Faculty Present in London on 800th Anniversary of Magna Carta

| January 16, 2015
Department of History, Politics, and International Relations faculty members Gwyneth Williams and David Pennington traveled to London to present at a Magna Carta conference about the Magna Carta, on the occasion of its 800th birthday. Shown with Williams and Pennington are Lady Sophie Laws and Tom Russo.

Webster University professors Gwyneth Williams and David Pennington (left) traveled to London to present at a Magna Carta conference. Shown with Williams and Pennington are fellow presenters Lady Sophie Laws and Tom Russo.

Faculty across Webster University are celebrating its centennial in 2015. For faculty in the Department of History, Politics, and International Relations in the College of Arts and Sciences, this year also marks another historic milestone: the octocentennial of the Magna Carta (“The Great Charter”). The document signed by England’s King John in 1215 is widely viewed as one of the most important legal documents in the history of democracy, as it established the principle that everybody, including the king, was subject to the law.

David Pennington, assistant professor of history, and Gwyneth Williams, professor of political science, traveled to London in January to participate in a symposium on Magna Carta at the International Partners Conference at Regents University/Webster University London. Pennington and Williams were joined by professors Tom Russo of Drury University, who presented the political and intellectual context of the actual signing of the Magna Carta in 1215, and Lady Sophie Laws of  Regents University.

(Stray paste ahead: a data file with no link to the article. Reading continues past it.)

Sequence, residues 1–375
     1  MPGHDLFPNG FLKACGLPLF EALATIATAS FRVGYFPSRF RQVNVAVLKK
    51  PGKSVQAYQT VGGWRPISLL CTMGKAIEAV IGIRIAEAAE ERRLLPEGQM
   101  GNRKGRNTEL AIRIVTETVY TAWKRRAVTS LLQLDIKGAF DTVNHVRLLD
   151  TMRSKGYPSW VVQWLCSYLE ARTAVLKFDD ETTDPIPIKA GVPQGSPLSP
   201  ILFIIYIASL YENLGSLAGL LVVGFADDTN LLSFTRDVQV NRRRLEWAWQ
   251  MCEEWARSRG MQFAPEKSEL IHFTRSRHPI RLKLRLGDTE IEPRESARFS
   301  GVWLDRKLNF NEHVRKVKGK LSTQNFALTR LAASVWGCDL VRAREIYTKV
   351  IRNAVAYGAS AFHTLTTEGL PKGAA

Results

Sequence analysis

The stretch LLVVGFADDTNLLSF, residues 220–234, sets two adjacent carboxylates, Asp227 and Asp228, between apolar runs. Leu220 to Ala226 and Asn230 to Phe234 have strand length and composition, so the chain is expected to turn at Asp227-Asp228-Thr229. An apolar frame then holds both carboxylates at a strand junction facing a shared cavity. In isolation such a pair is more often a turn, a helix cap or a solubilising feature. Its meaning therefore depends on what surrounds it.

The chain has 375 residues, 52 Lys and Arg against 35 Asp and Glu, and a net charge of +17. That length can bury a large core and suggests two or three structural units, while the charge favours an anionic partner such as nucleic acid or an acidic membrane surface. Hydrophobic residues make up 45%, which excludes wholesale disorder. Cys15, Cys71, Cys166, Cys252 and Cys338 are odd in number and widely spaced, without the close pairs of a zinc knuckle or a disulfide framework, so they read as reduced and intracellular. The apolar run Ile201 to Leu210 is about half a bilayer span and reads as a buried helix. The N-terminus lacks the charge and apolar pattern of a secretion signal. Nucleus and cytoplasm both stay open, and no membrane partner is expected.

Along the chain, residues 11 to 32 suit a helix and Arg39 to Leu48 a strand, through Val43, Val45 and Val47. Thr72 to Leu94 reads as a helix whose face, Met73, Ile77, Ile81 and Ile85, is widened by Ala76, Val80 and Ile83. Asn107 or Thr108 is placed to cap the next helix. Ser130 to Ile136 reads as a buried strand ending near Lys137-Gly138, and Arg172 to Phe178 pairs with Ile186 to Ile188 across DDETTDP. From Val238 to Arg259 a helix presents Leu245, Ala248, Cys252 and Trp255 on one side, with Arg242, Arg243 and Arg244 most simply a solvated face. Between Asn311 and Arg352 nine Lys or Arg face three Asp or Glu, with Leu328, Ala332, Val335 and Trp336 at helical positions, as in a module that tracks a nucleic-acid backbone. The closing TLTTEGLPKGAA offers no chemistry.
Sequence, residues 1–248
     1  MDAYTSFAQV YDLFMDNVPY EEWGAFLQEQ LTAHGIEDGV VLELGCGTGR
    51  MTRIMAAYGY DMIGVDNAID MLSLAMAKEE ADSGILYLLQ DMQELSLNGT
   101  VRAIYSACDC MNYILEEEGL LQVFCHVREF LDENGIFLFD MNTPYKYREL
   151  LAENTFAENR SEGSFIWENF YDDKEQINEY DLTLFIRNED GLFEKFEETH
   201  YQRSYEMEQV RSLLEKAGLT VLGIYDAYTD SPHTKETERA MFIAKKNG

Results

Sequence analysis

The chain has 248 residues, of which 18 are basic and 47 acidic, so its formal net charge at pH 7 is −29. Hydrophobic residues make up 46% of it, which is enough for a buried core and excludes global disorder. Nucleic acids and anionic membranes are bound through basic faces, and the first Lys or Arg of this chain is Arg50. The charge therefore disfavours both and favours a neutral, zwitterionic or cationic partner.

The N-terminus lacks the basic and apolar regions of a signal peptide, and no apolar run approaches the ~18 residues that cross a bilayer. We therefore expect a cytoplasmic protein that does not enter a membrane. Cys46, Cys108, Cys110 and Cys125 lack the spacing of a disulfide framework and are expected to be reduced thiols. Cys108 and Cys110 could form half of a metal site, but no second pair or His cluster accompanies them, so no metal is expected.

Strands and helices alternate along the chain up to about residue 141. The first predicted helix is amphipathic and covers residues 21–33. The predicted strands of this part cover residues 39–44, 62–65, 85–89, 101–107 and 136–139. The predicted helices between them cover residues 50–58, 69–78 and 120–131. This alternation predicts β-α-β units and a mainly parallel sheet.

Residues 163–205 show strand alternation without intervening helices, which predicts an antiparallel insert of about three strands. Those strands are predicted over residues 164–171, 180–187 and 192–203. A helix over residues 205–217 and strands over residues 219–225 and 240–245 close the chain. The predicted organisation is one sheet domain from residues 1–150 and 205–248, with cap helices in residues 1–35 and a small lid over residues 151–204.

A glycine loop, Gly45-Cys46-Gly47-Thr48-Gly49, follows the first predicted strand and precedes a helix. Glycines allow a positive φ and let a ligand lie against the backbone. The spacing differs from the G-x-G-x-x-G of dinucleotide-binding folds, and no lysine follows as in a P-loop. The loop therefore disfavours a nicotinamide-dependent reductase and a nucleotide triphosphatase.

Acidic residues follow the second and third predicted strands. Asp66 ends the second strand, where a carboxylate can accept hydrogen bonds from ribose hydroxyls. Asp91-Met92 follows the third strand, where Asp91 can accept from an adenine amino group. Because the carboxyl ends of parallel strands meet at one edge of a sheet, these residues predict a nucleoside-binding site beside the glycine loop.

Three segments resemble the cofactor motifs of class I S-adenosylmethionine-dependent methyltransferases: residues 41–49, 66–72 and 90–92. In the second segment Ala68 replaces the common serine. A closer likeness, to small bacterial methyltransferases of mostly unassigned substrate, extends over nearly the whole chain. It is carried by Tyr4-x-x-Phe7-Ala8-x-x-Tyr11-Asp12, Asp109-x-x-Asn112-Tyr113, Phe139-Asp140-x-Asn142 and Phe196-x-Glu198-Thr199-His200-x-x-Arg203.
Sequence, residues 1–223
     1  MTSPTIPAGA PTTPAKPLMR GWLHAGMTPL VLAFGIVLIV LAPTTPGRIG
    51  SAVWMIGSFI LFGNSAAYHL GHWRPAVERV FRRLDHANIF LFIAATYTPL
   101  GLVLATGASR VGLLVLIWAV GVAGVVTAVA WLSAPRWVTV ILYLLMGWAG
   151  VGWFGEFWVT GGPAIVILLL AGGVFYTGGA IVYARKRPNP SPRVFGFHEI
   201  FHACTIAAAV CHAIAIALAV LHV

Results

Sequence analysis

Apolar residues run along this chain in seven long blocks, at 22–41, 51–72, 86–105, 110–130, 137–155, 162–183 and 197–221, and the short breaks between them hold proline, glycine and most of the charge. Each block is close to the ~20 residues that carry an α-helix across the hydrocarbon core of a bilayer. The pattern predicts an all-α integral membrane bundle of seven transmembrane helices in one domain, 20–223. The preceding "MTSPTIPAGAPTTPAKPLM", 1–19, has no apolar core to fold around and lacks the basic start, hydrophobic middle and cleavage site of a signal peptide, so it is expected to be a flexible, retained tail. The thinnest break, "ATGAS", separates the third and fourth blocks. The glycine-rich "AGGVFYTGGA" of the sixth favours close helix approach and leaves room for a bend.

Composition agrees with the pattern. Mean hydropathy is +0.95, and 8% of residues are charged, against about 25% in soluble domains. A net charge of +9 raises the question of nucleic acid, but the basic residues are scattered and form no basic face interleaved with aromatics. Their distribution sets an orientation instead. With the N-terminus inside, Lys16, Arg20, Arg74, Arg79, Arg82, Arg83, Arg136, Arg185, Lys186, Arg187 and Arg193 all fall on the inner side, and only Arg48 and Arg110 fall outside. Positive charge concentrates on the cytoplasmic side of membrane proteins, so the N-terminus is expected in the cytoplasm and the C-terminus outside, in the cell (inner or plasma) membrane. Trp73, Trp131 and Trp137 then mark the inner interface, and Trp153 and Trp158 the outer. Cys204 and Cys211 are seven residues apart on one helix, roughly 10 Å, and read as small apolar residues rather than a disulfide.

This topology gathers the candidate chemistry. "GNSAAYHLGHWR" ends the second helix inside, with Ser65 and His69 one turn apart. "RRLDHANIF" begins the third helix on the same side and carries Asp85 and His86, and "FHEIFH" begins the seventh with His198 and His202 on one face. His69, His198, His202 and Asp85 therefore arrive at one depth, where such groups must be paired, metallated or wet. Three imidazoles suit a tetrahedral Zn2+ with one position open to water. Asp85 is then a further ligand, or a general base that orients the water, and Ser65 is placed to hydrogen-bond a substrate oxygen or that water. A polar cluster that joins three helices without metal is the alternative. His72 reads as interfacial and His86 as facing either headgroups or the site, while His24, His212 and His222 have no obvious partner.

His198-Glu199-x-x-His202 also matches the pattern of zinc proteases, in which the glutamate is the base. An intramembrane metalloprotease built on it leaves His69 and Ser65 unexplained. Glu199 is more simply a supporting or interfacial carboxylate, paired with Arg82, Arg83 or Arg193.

The Importance of Magna Carta in English History and U.S. Political Thought

Pennington’s presentation explored the importance of Magna Carta in the decades leading up to the English Civil War of 1642-1649. Parliament and taxpayers’ belief that royal government ought to be limited by the liberties enshrined in Magna Carta severely hamstrung the early Stuart monarchs, leaving them unable to quell revolts in Scotland, Ireland, and ultimately, England itself.

Williams focused on the symbolic meaning of the Magna Carta to American political thought, from the time of the first colonial settlements to the present. She emphasized the ways in which the American and British interpretations of the Magna Carta began to differ in the 18th century, resulting in the document ultimately having more symbolic importance to Americans than to the British.

While in London, Pennington spent several days in the British Library researching the diaries of members of the House of Commons from the year 1624 as part of a larger project which explores how political conflicts in Elizabeth and Stuart parliaments reshaped England’s political economy.

Williams attended the exhibition “Women Fashion Power” at the Design Museum in London, of which she is writing a review for the Journal of Fashion, Style, and Popular Culture. This exhibition explored the ways in which powerful women have used clothing to express their influence and sense of self.

“I really appreciate Webster’s willingness to fund these opportunities for professional development,” Williams said. “This is what makes us a truly global university.”

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